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Wind farm developer builds investor backing for project  

The developer planning three wind farms in western P.E.I. has begun work to build investor backing for the $250- million construction effort.

Ventus Energy of Toronto is nearing completion of a nine-megawatt wind farm at Norway and is working on a 99-megawatt, two-phased, project that will see a total of 55 windmills built at West Cape.

Longer-term plans for Ventus include a possible development of another small scale wind farm at Kildare Capes.

John Douglas, president and chief executive officer of Ventus, said the company anticipates developing 5,000 megawatts of wind power in the six eastern provinces and hopes to have 951 megawatts commissioned or under construction by the end of 2009.

“Norway is our first project,” he said.

Douglas said P.E.I. has reached a point where it is a national leader in the development of wind power and the company wants to move in an environment that combines favourable regulation with a strong wind environment.

“We’ve seeded projects all over eastern Canada, including New Brunswick and Nova Scotia,” he said. “Right now our best projects are West Cape and Norway.”

Ventus spent some time Thursday sitting down with local brokers to talk about its plan to let investors join the project through a limited partnership plan that would let members of the public buy between $25 million and $55 million worth of West Cape shares. The shares will be sold through Scotia Capital.

He said the company has been touring with the share offering since the first prospectus was released last month.

“We’re on sort of a road show now,” he said.

Energy Minister Jamie Ballem said he’s happy to see private developers show up to make investments that will complement government’s own wind farm projects at North Cape and East Point.

“Not only is wind energy being produced here but it is going to be used here by Islanders,” he said.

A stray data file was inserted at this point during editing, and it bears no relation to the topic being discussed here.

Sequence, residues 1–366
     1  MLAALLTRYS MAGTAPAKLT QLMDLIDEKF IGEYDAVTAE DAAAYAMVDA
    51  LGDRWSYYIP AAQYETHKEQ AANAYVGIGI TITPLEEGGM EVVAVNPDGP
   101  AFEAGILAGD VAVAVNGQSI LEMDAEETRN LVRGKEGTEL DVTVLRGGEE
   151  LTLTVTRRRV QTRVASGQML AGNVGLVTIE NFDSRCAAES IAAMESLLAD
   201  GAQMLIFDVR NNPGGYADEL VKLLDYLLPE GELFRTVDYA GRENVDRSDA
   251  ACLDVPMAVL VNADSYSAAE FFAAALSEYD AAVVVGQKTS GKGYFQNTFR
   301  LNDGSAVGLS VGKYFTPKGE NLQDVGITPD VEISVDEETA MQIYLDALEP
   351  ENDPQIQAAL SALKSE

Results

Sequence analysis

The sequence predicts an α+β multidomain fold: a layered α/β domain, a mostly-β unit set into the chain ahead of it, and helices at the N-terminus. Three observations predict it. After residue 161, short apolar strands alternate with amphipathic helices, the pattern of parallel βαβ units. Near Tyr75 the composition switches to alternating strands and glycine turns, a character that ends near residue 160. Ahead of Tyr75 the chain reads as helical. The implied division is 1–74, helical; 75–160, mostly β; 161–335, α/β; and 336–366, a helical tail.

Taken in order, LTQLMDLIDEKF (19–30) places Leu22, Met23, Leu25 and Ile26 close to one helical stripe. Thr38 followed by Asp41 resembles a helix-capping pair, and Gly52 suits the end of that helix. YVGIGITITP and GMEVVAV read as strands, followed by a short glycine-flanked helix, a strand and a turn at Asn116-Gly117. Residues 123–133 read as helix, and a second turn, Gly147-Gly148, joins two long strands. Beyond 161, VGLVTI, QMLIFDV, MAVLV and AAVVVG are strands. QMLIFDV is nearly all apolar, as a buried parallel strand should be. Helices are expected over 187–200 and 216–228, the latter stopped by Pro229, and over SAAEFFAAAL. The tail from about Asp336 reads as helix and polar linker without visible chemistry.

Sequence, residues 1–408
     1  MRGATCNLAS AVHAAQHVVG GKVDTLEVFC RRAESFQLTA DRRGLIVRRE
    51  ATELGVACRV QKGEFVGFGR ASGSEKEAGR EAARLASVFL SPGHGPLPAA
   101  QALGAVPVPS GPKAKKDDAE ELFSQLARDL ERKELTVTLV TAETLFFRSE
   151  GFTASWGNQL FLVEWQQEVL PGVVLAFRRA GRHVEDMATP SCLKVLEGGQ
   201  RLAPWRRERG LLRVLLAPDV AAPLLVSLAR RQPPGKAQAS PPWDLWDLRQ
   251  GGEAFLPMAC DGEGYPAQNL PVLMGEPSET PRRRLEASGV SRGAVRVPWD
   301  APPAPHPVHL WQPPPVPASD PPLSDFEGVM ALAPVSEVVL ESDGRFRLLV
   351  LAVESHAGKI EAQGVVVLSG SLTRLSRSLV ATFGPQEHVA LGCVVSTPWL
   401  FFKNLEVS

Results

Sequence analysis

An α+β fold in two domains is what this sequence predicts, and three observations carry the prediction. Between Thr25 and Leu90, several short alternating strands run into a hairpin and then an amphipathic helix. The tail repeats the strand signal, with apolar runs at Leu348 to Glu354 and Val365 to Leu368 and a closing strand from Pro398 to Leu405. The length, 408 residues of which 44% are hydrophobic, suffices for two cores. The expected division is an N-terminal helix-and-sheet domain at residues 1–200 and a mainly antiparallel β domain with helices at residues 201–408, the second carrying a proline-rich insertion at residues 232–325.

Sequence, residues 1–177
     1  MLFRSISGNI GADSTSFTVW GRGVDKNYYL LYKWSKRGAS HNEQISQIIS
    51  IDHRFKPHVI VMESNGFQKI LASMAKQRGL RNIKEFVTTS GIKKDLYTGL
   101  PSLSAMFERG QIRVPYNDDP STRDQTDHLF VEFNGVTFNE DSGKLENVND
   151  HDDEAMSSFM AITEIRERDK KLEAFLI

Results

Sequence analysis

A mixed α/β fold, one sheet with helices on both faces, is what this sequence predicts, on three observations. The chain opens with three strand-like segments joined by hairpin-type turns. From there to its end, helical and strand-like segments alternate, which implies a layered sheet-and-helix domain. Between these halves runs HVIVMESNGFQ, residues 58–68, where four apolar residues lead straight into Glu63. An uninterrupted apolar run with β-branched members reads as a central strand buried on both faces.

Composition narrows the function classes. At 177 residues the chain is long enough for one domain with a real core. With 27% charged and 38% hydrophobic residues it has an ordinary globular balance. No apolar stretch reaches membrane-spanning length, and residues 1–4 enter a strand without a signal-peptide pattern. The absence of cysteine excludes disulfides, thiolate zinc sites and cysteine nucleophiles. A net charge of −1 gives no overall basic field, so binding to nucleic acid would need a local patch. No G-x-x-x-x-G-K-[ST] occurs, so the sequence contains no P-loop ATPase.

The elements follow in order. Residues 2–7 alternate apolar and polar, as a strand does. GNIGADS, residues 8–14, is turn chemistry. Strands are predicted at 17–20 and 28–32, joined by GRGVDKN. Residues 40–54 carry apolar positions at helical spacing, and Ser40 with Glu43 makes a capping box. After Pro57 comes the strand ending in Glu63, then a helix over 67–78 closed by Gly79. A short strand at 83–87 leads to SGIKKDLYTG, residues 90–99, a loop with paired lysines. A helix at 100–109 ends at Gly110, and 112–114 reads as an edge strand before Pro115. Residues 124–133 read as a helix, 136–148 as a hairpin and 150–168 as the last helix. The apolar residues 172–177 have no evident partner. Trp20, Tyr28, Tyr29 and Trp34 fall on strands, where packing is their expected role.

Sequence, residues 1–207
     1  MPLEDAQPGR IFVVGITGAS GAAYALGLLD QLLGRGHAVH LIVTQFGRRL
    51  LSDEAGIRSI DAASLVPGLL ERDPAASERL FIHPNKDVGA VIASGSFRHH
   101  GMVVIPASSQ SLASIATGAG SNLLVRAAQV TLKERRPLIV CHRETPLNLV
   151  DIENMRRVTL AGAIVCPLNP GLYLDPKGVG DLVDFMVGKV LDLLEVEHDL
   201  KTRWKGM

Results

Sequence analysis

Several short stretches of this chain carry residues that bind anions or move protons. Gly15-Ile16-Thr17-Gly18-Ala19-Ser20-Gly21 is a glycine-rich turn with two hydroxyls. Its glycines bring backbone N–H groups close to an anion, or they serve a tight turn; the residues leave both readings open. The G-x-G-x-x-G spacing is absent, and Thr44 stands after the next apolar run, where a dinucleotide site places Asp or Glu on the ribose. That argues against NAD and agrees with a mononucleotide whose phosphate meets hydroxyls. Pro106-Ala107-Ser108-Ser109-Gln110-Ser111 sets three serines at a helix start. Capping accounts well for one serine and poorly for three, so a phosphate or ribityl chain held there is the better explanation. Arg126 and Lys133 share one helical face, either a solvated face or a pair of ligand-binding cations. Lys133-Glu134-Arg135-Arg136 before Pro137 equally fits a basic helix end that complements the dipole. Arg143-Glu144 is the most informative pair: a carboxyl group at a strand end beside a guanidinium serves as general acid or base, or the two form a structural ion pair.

Ventus has worked out its own sales plans for the wind power, combining exports with local sales. The company plans to sell production from its nine-megawatt Norway project to the provincial energy corporation, while nearly 10 megawatts from West Cape will be sold to Summerside’s power utility.

The remaining 90 megawatts are destined to be sold into New England using an export system that connects New Brunswick and Maine. Douglas said the current undersea cable between the Island and New Brunswick is heavy enough to carry their exports, but he would be pleased to see a second cable set in place.

“What we did like about it was the security of having a redundant cable,” he said. “If that idea is resurrected we would love to be a part of it.”

The announcement of a public offering of shares in private wind power comes just days after the provincial government announced that it would sell bonds allowing the general public to support the province’s wind farm at East Point.

Douglas wasn’t offering any comment on whether Ballem’s windmills or his would make the better investment.

“I think it’s great for Islanders to get involved with an energy project that’s on Prince Edward Island.”

By Ron Ryder
The Guardian


This article is the work of the source indicated. Any opinions expressed in it are not necessarily those of National Wind Watch.

The copyright of this article resides with the author or publisher indicated. As part of its noncommercial effort to present the environmental, social, scientific, and economic issues of large-scale wind power development to a global audience seeking such information, National Wind Watch endeavors to observe “fair use” as provided for in section 107 of U.S. Copyright Law and similar “fair dealing” provisions of the copyright laws of other nations. Send requests to excerpt, general inquiries, and comments via e-mail.

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